Terrifier 2 Ending Explained: Food's A Little Funny At The Clown Cafe

This article contains major spoilers for "Terrifier 2."

When you reflect on the slasher villains we accept as mascots of the genre, it's fascinating to see how far the sinister Art the Clown has come from his indie roots. The pantomime slasher initially started out as a creepy idea in director Damien Leone's 2008 short film "The 9th Circle," and has since become the kind of headline sensation that would make William Castle smile. From anthology antagonist ("All Hallows' Eve") to the star of his own film series, it's safe to say that Art's reign of terror is far from over.

It's pretty astounding how Leone manages to capture the sickening grime of grindhouse horror, where the violence is pushed to an extreme degree. It walks the line between being horrifically gruesome and absurdly funny. Once Art the Clown gets going, he becomes a relentless monster, unlike anything you've ever seen. The film's mainstream success is pretty wild considering these types of excessive gore flicks rarely ever see the inside of your local cineplex, let alone for four weeks as an indie box office sensation, but "Terrifier 2" has somehow beaten the odds.

On top of all that, Leone's demented horror-show clocks in at just under 2 ½ hours, which is wildly unheard of for a slasher flick, and yet the excessive runtime oddly works in its favor.

Where "Terrifier" was mostly a showcase for Art delivering brutal punishments for any poor soul who dared cross his path, "Terrifier 2" is a better movie. It opens the world of Leone's depraved imagination to unfathomable heights, along with characters worth following. There's more of a story behind the killer clown than we're led to believe, and that all starts with a final girl.

Sienna: Warrior Princess

The folks who met their end at the hands of Art (David Howard Thornton) in "Terrifier" are little more than a line of meat sacks waiting to be butchered, but Lauren LaVera brings a fresh energy to the series with Sienna. When we first meet her, she's working on her Halloween costume, which resembles the design of a winged warrior princess her late father designed in one of his sketchbooks.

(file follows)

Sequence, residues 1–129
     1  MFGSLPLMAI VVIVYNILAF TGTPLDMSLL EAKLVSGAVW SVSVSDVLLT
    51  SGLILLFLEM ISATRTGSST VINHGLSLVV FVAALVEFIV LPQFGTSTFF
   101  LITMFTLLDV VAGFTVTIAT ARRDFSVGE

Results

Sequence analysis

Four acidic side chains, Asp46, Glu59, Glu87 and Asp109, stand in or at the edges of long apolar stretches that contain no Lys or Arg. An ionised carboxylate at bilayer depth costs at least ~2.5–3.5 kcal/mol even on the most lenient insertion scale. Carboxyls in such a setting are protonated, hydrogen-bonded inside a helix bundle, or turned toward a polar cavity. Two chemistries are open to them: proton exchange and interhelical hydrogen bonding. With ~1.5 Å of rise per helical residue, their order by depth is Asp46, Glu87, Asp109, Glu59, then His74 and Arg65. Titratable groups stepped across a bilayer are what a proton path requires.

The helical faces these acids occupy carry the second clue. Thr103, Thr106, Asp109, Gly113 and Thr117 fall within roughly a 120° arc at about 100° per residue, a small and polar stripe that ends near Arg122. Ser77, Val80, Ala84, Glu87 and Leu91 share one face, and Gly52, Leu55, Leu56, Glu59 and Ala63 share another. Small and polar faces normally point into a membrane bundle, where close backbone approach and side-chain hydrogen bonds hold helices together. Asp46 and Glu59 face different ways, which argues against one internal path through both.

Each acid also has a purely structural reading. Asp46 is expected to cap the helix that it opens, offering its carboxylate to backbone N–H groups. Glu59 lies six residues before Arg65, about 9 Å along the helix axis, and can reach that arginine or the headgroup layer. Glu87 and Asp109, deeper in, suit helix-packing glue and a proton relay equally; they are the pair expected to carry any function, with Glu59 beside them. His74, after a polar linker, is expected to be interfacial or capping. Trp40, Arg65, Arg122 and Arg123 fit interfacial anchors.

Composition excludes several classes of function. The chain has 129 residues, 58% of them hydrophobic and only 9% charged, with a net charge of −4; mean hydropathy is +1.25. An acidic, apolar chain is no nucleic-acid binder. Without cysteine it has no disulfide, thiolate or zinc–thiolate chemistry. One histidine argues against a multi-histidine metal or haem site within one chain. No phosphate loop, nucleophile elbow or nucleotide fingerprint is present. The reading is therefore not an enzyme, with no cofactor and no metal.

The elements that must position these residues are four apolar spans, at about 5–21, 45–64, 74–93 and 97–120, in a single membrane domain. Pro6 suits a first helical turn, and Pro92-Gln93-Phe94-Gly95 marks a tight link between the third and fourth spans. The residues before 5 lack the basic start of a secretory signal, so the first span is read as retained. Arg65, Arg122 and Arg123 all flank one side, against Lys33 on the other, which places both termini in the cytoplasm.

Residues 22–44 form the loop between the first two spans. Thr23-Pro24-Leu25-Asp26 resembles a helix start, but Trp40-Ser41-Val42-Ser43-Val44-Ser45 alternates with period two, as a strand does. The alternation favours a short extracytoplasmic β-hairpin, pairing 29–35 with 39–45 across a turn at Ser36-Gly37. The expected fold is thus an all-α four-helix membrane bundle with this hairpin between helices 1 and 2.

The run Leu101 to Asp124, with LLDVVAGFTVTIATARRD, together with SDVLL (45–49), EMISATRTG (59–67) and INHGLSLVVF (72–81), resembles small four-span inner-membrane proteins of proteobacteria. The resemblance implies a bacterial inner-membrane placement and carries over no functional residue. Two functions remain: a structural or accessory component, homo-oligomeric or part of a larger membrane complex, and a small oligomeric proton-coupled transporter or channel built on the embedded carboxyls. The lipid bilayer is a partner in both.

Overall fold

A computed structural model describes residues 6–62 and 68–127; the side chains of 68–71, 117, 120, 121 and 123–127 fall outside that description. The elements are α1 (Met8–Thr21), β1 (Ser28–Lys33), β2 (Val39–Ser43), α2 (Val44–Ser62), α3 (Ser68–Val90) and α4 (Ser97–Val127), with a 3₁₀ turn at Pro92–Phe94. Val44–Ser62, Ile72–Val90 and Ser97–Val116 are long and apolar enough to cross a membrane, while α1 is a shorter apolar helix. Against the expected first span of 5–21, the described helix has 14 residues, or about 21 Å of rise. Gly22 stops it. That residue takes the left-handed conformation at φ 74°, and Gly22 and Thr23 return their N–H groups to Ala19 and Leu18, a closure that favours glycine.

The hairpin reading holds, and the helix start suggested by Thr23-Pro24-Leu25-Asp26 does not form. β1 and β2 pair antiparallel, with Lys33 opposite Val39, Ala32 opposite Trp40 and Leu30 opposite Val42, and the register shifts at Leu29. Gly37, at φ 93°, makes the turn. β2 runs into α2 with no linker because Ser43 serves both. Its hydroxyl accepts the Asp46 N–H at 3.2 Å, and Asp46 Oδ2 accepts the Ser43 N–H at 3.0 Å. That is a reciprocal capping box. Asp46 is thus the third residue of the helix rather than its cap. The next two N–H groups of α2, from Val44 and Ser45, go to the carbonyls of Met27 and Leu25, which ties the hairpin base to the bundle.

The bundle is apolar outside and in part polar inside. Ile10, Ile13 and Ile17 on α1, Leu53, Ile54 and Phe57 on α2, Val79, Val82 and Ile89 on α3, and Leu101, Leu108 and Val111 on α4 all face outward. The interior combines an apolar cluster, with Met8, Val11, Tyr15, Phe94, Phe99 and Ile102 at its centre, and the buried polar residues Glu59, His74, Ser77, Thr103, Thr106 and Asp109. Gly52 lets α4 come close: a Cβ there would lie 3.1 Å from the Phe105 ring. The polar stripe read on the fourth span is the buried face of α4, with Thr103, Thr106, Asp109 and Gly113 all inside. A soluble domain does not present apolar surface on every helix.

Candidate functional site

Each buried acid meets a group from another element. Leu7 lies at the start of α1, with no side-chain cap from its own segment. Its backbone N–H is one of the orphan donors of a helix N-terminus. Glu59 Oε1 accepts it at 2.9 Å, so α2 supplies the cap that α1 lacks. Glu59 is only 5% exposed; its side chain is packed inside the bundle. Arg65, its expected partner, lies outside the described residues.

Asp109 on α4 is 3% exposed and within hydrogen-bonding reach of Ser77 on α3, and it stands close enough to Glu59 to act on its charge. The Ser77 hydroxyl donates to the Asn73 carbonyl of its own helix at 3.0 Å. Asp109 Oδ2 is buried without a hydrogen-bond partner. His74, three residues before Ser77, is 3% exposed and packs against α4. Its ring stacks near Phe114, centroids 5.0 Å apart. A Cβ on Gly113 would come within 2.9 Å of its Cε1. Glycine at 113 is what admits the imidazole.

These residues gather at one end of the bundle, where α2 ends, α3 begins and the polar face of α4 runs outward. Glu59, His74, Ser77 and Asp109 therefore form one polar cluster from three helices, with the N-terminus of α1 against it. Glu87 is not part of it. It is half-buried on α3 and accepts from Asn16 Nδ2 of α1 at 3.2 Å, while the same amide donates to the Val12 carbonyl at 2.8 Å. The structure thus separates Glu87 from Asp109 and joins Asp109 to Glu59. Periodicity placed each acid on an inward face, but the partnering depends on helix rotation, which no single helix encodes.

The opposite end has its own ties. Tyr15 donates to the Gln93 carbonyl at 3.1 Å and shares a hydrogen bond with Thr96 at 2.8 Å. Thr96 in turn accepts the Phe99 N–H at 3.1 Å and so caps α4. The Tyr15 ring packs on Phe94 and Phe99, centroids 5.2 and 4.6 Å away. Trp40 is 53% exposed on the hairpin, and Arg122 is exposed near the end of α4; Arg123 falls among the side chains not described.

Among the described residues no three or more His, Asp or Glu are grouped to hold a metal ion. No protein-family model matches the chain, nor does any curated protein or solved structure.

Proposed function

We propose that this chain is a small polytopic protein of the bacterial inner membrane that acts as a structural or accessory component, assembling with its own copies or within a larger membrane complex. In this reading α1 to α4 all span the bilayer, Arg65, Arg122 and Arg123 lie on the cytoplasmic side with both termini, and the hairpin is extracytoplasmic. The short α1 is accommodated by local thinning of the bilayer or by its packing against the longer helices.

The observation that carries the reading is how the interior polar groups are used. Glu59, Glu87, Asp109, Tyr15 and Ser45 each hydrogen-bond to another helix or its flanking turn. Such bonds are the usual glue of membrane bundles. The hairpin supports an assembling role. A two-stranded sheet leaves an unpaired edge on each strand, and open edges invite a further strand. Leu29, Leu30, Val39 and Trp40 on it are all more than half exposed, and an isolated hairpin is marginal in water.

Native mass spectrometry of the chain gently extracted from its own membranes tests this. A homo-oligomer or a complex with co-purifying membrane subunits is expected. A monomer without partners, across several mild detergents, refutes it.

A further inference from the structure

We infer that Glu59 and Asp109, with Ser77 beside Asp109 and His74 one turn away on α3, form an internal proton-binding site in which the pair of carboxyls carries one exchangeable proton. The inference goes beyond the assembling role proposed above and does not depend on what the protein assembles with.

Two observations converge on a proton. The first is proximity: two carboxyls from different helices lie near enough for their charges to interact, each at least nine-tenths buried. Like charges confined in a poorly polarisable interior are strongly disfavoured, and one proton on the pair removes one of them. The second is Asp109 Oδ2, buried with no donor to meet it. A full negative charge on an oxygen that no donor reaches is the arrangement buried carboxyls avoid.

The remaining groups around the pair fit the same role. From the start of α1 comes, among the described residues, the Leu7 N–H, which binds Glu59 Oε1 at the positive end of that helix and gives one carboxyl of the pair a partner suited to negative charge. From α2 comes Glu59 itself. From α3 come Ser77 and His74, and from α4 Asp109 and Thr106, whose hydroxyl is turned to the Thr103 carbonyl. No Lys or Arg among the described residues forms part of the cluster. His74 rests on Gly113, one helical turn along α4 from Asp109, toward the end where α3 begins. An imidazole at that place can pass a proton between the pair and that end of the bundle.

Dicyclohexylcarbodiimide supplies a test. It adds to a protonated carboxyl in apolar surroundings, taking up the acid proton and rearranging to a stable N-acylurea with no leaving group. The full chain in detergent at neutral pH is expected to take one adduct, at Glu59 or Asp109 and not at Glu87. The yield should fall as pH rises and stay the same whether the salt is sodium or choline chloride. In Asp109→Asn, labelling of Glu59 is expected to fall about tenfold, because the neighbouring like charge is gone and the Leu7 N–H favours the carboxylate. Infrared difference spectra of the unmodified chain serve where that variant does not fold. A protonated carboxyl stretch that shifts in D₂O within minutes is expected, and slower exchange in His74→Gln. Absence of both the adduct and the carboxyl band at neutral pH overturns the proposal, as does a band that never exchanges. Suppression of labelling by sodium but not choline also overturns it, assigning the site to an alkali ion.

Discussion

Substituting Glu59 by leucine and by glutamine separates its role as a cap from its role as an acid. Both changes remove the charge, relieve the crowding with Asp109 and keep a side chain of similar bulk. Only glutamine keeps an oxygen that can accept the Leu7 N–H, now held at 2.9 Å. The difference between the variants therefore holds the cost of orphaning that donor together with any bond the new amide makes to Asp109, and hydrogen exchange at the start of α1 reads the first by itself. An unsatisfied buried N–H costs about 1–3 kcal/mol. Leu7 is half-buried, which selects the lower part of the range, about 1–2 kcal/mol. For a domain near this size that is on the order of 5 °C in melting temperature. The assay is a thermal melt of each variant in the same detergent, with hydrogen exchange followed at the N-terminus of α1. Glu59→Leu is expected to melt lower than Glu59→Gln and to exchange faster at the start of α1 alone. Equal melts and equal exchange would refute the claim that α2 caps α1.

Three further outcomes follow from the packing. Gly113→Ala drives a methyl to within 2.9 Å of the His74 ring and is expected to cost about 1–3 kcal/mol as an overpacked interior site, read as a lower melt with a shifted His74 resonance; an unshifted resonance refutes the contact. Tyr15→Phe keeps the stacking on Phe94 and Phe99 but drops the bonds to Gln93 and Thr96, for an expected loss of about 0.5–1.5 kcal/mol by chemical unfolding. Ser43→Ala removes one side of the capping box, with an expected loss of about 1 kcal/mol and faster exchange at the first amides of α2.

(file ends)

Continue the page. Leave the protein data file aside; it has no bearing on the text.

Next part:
It appears to be the one constant in her life, as Sienna is forever being pulled back and forth between her imaginative younger brother, Jonathan (Elliott Fullam), and temper-prone mother, Barbara (Sarah Voigt). Even when the wings burst into flames, she's still determined to do what's necessary to have this costume ready for the Halloween party.

Everywhere she goes, however, Sienna is haunted by Art's presence, whether it's in her dreams or a very awkward encounter at the costume shop. She's even able to see Art's miniature partner-in-grime in the form of the Little Pale Girl (Amelie McLain), who is as silently sadistic as her adult clown counterpart. Jonathan is the only other person who can see the demonic pair too. But what does it all mean?

There's a very strong implication that Sienna's connection to Art lies in the complicated webs of her family tree.

Grindhouse chills with a family twist

Even with its epic runtime, "Terrifier 2" somehow manages to leave more questions than ever before. The difference this time around, however, is that Leone smartly places little hints throughout the film regarding Sienna's prior family life. Throughout the first half, we know that Sienna's father has passed on from a brain tumor. He also leaves behind a sketchbook full of articles about the murders committed by Art (referred to as the Miles County Killer), along with sketches of him.

It's through her Molly-spiking friend Brooke (Kailey Hyman) that we learn that, while Sienna's father did suffer from a brain tumor, the way in which he went out paints a very different picture than the one we've been led to believe. He had been seeing visions he couldn't explain, which led him to become abusive toward his family. In his final moments, Sienna's father downed an entire bottle of Jack Daniels, crashed his car into a pole, and then proceeded to burn to death.

It stands to chance that Art is Sienna's father, or at least a demonic extension of him, given that we never actually see what he looks like in his human form. Hiding his identity seems like such a weird decision, especially since he plays a major background player in the story, but it very much feels like Leone is trying to lay the groundwork for a sequel that will elaborate further on this.